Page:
Neurobiology: A “green lung” for the brain

13 Oct 2021

LMU neurobiologists have shown that photosynthetic micro-organisms can be used as a source of oxygen for nerve cells.

Distribution of the microorganisms through blood vessels. Source: Özugur et al., iScience 2021

Nerve cells in the brain must process large amounts of signals every second. Most of the energy required to perform these tasks is generated by aerobic metabolism – which explains why the brain depends on the constant supply of adequate amounts of oxygen. Animals must obtain their oxygen from the environment. On the other hand, photosynthetic organisms, such as plants, are capable of producing it themselves, using sunlight as an energy source. A research group led by LMU neurobiologist Hans Straka and LMU molecular plant scientist Jörg Nickelsen has now shown that photosynthetic micro-organisms can be used to directly provide the brain with oxygen. Their findings appear in the journal iScience.

The researchers introduced photosynthetic micro-organisms – unicellular green algae and cyanobacteria – into the blood vessels of tadpoles of the clawed frog Xenopus laevis, an established experimental model. After isolation, when the brains were exposed to light, measurements of oxygen levels in the ventricles of the tadpole brain revealed that substantial amounts of oxygen were indeed being produced. “Conversely, in an oxygen-poor medium, nerve-cell activity came to a complete halt in darkness,” says Straka. “When the light was turned on again, the micro-organisms generated oxygen, and the neurons restarted firing. So, the oxygen generated by photosynthesis is indeed utilized to rescue neuronal activity.”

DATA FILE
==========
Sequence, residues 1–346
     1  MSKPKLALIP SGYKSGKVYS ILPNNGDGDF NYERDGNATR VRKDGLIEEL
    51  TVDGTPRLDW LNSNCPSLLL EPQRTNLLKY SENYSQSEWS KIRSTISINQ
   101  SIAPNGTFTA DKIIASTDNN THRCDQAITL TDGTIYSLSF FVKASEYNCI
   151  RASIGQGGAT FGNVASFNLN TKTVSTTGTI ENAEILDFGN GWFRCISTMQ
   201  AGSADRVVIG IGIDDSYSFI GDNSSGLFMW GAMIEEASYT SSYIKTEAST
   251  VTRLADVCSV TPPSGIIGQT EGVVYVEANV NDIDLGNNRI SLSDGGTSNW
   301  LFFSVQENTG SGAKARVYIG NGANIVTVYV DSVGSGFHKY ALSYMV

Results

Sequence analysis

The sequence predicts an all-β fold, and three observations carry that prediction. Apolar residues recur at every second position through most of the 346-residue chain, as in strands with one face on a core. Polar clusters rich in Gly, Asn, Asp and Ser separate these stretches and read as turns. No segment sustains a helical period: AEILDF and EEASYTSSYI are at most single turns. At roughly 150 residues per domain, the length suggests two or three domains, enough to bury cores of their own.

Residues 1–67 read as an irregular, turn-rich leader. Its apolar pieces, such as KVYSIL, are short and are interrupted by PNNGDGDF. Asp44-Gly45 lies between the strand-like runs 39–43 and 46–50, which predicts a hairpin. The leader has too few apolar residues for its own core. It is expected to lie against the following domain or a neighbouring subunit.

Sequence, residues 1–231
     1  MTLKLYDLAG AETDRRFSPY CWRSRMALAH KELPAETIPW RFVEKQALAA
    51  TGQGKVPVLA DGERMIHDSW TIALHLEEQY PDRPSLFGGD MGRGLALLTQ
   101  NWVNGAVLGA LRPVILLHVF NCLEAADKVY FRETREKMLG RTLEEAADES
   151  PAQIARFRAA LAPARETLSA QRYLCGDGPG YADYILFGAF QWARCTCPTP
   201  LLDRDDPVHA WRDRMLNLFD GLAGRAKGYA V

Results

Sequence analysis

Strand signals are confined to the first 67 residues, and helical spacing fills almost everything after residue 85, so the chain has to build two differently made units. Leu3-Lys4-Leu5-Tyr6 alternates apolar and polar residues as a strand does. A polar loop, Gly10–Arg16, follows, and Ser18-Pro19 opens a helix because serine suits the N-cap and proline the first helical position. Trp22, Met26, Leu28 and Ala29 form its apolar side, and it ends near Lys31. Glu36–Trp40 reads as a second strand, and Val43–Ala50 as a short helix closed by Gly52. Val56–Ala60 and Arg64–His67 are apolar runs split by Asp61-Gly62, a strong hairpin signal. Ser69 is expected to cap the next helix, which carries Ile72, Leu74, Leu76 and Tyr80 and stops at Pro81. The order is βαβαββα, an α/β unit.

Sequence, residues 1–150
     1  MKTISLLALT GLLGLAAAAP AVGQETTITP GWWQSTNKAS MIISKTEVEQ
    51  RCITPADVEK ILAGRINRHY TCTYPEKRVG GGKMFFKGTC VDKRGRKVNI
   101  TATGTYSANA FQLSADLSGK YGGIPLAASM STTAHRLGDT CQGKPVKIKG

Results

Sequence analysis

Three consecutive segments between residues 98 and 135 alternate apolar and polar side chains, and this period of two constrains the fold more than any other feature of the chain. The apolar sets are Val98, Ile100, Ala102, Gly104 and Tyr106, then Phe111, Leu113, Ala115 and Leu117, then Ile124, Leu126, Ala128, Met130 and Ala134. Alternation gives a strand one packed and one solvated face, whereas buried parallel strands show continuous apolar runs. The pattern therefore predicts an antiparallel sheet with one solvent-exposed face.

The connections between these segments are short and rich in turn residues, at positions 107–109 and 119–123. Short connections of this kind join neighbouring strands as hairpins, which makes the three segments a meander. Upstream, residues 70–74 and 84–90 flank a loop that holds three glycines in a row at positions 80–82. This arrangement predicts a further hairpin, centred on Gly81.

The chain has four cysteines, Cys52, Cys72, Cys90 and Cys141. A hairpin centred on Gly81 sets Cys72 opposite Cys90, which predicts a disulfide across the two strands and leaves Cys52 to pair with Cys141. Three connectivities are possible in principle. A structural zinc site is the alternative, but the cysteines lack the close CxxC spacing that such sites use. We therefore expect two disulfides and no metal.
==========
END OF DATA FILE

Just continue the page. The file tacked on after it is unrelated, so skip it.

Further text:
According to the authors, these proof-of-principle experiments demonstrate that unicellular photosynthetic micro-organisms could serve as a novel means of boosting the supply of oxygen to tissues in a controlled fashion. They could, for example, be used to enhance oxygen levels in cell cultures, in explanted organs or in brain slices. “Furthermore, photosynthetic organisms produce not only oxygen, but also sugars, for example. So it’s conceivable that their metabolic pathways could be exploited to synthesize nutrients as well,” says Straka. Since the intensity, duration and spectrum of light can be controlled with great precision, the method could also provide new approaches to the investigation of the role of oxygen in metabolic processes.

Suzan Özugur, Myra N. Chávez, Rosario Sanchez-Gonzalez, Lars Kunz, Jörg Nickelsen and Hans Straka: Green oxygen power plants in the brain rescue neuronal activity. iScience 2021

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